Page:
Wolfe v. Arkansas Democratic Party
ORDER granting deft's 2 Motion to Dismiss; pltf's 3 Motion to Strike is denied; the Clerk is directed to close the case. Signed by Judge James M. Moody on 8/30/12. (vjt)
IN THE UNITED STATES DISTRICT COURT
EASTERN DISTRICT OF ARKANSAS
THE ARKANSAS DEMOCRATIC PARTY
Pending is the Defendant’s Motion to Dismiss and the Plaintiff’s Motion to Strike the
Motion to Dismiss.
Rule 12(f) states that a court may strike from a pleading “an insufficient defense or any
redundant, immaterial, impertinent, or scandalous matter.” Fed. R. Civ. P. 12(f). The
Defendant’s Motion to Dismiss does not fall into any category contemplated by Rule 12(f).
Therefore, Plaintiff’s Motion to Strike is DENIED.
Plaintiff’s Motion to Strike does, however, include Plaintiff’s arguments against
dismissal of his Complaint. The Court deems the Motion to be a response to Defendant’s
Motion to Dismiss.
On March 1, 2012, Plaintiff attempted to qualify to appear on the ballot in the Arkansas
Democratic Party (“ADP”) Presidential primary. Plaintiff submitted forms and a check for
$2,500.00 to ADP. Shortly after early primary voting began on May 7, 2012, the ADP informed
Plaintiff and the media that Plaintiff would not be included on the ballot. The ADP cited two
missed deadlines as reasons for Plaintiff’s ineligibility for the primary. Plaintiff claims that the
ADP has violated his First Amendment right to freedom of association by “disenfranchising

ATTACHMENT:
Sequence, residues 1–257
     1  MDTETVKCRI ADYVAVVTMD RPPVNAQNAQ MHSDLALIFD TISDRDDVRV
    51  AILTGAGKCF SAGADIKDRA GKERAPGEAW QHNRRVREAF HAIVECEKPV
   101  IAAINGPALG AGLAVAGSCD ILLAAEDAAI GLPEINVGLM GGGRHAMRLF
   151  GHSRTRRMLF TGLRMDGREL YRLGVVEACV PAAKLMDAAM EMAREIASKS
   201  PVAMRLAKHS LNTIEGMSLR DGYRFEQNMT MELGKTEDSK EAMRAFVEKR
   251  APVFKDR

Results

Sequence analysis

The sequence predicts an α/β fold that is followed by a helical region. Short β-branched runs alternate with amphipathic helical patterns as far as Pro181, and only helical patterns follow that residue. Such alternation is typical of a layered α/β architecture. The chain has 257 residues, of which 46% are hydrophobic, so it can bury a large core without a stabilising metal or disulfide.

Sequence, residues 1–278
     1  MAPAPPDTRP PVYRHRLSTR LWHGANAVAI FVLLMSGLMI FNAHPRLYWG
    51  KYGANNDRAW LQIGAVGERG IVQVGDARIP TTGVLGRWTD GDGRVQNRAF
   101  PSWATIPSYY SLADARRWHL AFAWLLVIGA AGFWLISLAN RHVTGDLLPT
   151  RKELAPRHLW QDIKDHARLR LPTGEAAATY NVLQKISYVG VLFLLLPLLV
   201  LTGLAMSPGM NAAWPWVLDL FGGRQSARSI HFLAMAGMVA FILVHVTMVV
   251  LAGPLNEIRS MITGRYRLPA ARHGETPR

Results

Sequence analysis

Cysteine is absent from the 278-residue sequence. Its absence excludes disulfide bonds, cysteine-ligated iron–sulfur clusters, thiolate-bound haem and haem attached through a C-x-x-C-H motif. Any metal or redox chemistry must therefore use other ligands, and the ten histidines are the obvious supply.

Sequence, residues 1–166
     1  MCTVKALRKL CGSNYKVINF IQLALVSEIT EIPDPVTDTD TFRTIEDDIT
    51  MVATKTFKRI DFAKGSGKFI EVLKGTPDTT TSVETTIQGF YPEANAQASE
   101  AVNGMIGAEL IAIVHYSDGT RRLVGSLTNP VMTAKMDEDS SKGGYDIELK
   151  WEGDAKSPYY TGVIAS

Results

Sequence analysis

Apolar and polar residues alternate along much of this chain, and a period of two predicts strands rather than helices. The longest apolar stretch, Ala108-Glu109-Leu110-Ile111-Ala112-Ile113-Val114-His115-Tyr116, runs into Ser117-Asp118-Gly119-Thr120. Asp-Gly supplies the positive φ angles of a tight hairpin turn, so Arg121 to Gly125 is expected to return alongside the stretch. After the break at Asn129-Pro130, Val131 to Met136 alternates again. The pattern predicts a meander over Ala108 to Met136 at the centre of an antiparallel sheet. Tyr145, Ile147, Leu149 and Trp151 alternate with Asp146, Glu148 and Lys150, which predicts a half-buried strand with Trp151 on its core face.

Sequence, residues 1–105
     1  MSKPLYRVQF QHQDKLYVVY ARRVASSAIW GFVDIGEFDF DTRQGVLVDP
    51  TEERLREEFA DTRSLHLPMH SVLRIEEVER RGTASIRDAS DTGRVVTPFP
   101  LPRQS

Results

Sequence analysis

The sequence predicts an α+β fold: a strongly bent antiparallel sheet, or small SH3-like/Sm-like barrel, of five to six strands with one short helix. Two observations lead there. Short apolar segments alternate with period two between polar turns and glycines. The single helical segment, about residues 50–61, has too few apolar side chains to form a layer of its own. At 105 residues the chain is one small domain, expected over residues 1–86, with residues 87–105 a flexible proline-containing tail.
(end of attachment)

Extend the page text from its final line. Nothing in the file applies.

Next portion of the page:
67,604 Wolfe voters” and delegates to the Democratic National Convention, the ADP violated
his Fourteenth Amendment rights to procedural due process by publicly announcing that he
would not be placed on the primary ballot and that he would not receive delegates to the
Convention, and the ADP violated his substantive due process rights to “run for office
unimpeded by state actors mimicking neutrality, but intent upon using the resources of the party
and state to enshrine the incumbent.” (ECF No. 1 at p.7).
The United States Supreme Court clarified the standard to be applied when deciding a
motion to dismiss under Federal Rule of Civil Procedure 12(b)(6). See Bell Atlantic Corp. v.
Twombly, 127 S.Ct. 1955 (2007). “While a complaint attacked by a Rule 12(b)(6) motion to
dismiss does not need detailed factual allegations, a plaintiff's obligation to provide the
‘grounds’ of his ‘entitle[ment] to relief’ requires more than labels and conclusions, and a
formulaic recitation of the elements of a cause of action will not do. Id. at 1964-65 (citing
Swierkiewicz v. Sorema N. A., 534 U.S. 506, 508, n. 1, 122 S.Ct. 992 (2002); Neitzke v. Williams,
490 U.S. 319, 327, 109 S.Ct. 1827 (1989) (“Rule 12(b)(6) does not countenance ... dismissals
based on a judge's disbelief of a complaint's factual allegations”); Scheuer v. Rhodes, 416 U.S.
232, 236, 94 S.Ct. 1683 (1974) (a well-pleaded complaint may proceed even if it appears “that a
recovery is very remote and unlikely”)). Although “[g]reat precision is not required of the
pleadings,” the complaint should state how, when, and where the cause of action occurred.